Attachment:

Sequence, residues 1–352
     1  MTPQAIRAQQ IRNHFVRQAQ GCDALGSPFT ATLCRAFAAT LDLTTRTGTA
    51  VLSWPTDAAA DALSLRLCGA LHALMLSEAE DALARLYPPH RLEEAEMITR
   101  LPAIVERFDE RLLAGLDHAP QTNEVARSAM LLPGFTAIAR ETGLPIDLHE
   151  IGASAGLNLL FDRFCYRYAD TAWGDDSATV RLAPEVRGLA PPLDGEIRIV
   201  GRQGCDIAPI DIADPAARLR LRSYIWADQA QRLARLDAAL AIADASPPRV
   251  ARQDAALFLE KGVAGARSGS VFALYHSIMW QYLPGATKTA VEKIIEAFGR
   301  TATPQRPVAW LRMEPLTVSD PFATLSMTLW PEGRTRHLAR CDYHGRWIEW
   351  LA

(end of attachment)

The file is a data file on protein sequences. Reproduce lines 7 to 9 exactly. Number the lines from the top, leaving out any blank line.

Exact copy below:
   251  ARQDAALFLE KGVAGARSGS VFALYHSIMW QYLPGATKTA VEKIIEAFGR
   301  TATPQRPVAW LRMEPLTVSD PFATLSMTLW PEGRTRHLAR CDYHGRWIEW
   351  LA